Wishing Upon a Miracle
Discovering a cure for Alzheimer’s Disease has been a wish made for the past century and those who wish are still awaiting a miracle. Researcher’s have spent countless hours dating back to 1906 conducting research in hope of discovering what Alzheimer’s really is. Like any other disease or illness, researchers are set out to discover a cure; unfortunately for patients with Alzheimer’s Disease, a cure has yet to come. Extensive research can be costly, but a world without Alzheimer’s Disease would pay great dividends to society. A vast majority of patients in assisting living facilities and nursing homes suffer from Alzheimer’s Disease.
Stated by MacGill, “Nearly 15 million Americans provide unpaid care to a person living with Alzheimer’s disease or another dementia (Alzheimer’s Association 2011 Facts & Figures).” Dr. Alois Alzheimer, a German psychiatrist and neuropathologist is credited with identifying the first published case of “presenile dementia” in 1907, a condition that is now called Alzheimer’s disease. Far too often, the family of a loved one are told by a doctor that their loved one is unfortunately diagnosed with Alzheimer’s Disease. Alzheimer’s Disease is a condition that causes unusual changes in the cerebrum, the main part of the brain, which chiefly influences memory and other mental capacities which is not a typical piece of aging. Typically, memory loss is the first side effect that surfaces. In the late stages of Alzheimer’s, the assistance needed is usually provided by close family members and/or medical professionals. As the disease advances, the loss of thinking capacity, dialect, basic leadership capacity, judgment and other basic aptitudes make everyday living incomprehensible without assistance from others. Beside the patient, the connections in the family are incredibly influenced by the infection. In the family, everyone is affected by Alzheimer’s differently. Grandchildren tend to be traumatized when their loving grandparent can longer identify who any one is. As Alzheimer’s progresses, the grandchild is torn as he/she watches as his/her grandparent’s brain becomes succumbed by Alzheimer’s.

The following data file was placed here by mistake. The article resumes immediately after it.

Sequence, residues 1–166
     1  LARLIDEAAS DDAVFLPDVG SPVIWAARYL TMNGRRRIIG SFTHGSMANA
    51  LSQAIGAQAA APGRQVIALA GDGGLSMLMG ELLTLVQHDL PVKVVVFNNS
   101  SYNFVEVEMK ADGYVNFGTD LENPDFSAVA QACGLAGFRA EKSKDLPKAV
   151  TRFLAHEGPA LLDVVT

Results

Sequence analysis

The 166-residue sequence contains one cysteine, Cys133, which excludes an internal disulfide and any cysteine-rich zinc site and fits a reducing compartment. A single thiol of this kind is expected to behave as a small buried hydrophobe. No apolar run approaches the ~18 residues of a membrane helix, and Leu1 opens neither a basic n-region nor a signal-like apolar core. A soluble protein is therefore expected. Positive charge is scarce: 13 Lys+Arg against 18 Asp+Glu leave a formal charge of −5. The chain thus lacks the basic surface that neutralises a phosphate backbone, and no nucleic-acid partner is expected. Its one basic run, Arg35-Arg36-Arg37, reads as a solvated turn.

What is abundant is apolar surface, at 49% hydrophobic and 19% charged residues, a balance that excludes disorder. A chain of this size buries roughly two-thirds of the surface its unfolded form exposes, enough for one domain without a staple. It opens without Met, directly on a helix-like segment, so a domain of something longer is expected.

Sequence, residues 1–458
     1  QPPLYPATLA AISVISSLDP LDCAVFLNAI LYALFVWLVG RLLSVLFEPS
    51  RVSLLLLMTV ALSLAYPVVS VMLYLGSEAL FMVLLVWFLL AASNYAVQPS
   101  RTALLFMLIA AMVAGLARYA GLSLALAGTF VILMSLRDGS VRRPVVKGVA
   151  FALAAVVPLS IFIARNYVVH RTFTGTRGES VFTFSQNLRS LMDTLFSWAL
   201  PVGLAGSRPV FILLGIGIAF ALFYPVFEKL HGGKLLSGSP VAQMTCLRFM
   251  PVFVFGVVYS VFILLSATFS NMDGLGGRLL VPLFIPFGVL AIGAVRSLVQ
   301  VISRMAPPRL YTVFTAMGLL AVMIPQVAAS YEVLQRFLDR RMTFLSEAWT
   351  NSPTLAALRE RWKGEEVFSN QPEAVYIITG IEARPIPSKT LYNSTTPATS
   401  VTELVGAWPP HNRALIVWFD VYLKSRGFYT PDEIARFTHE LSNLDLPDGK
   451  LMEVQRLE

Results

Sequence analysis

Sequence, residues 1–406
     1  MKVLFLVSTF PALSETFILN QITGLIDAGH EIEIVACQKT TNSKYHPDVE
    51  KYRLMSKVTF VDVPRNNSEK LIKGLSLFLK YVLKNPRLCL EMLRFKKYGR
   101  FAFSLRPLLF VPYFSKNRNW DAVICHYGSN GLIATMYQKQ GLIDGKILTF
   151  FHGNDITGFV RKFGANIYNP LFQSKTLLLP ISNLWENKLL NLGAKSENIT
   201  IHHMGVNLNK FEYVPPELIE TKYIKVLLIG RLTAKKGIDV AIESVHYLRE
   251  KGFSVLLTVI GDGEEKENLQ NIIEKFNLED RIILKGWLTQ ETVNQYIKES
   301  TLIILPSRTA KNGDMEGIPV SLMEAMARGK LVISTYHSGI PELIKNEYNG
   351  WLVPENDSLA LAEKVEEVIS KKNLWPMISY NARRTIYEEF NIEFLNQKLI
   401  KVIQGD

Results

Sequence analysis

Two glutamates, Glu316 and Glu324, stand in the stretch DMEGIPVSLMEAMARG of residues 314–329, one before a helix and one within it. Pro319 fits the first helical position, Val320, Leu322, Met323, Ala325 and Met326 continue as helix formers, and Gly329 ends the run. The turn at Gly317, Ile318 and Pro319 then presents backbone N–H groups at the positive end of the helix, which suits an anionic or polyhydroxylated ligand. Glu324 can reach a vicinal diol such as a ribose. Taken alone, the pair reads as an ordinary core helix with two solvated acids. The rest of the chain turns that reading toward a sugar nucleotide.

Alzheimer’s Disease is most widely known for as a family illness. The chronic stress of watching a loved one slowly decline affects everyone. An effective treatment will address the needs of the entire family, leading to an all round healthy environment. Any individual who provides care and support for the individual diagnosed with Alzheimer’s are put through an immense amount of stress. As a result, each individual providing care must also focus on their own health. Advice from “Breakthrough Drug for Patients” assists by adding, “Emotional and practical support, counseling, resource information and educational programs about Alzheimer’s disease all help a caregiver provide the best possible care for a loved one.” Though families do their absolute best in caring, the stress causes tension between the entire family which in turn is even more stressful to the patient than the disease itself. By creating a cure for Alzheimer’s Disease, families can live in peace knowing that they will never need to experience such a tragic event.
“Breakthrough Drug for Patients.” The Independent. Independent Digital News and Media, n.d. Web. 16 Nov. 2016.
“Definition of Alzheimer’s Disease.” Alzheimer’s Foundation of America – Definition of Alzheimer’s Disease. Alzhiemer’s Foundation of America, n.d. Web. 17 Nov. 2016.
MacGill, Markus. “Alzheimer’s Disease.” Medical News Today. MediLexicon International, 29 Apr. 2016. Web. 23 Nov. 2016.
3 thoughts on “Rebuttal Rewrite- brobeanfarms”
Very disturbed to discover most of this post is a close paraphrase of material from a website called caregiver.org. Then there’s the repetition (perhaps inadvertent) that makes the post look much more substantial than it is. The fact that you don’t cite caregiver.org as a source at all makes your use of its content and language seem deliberate.
I have amended all repetitious material and mistakes.
Here’s an indication of the quality of your argument, brobeans.
You make a compelling claim that eliminating Alzheimer’s would pay big social benefits.
Both could be considered costs, but you don’t quantify either, or apparently consider that the COSTS are different, and both important: the healthcare costs to paid providers that could be saved, the lost time or lost productivity, or lost unreimbursed expenses of family members who could be otherwise engaged.